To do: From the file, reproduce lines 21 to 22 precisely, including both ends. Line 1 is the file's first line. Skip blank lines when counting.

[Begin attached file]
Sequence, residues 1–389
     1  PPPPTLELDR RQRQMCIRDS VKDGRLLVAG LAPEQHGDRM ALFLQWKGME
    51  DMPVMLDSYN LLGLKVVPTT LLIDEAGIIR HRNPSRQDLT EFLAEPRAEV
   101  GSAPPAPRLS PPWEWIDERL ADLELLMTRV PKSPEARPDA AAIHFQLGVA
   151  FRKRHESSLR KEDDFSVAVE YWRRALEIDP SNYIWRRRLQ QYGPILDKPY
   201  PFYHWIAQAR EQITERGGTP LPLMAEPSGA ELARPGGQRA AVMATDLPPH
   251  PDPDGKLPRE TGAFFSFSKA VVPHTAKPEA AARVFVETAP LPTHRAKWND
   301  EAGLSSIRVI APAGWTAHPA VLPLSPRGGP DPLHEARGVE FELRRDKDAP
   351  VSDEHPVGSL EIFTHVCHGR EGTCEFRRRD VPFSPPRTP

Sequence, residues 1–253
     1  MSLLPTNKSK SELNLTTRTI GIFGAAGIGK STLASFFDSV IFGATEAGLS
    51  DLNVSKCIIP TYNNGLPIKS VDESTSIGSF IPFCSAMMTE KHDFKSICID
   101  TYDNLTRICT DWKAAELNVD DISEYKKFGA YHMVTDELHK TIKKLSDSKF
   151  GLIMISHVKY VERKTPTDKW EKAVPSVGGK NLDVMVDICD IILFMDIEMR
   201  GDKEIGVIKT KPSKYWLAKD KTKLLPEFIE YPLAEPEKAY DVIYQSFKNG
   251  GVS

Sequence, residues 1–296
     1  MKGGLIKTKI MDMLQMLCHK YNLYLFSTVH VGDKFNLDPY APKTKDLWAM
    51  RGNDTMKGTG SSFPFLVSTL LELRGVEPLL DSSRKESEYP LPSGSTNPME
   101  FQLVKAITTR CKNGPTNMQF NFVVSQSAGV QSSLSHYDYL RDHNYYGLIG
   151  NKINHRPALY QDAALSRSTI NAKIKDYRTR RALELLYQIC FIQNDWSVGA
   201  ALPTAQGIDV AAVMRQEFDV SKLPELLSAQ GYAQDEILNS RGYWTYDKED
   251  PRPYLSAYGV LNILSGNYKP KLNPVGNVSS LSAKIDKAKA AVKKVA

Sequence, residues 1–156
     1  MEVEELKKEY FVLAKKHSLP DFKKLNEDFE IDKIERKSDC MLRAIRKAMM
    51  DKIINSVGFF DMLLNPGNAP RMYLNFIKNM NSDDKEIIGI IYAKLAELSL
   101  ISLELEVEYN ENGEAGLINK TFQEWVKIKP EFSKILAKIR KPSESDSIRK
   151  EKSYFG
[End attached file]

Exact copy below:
   151  NKINHRPALY QDAALSRSTI NAKIKDYRTR RALELLYQIC FIQNDWSVGA
   201  ALPTAQGIDV AAVMRQEFDV SKLPELLSAQ GYAQDEILNS RGYWTYDKED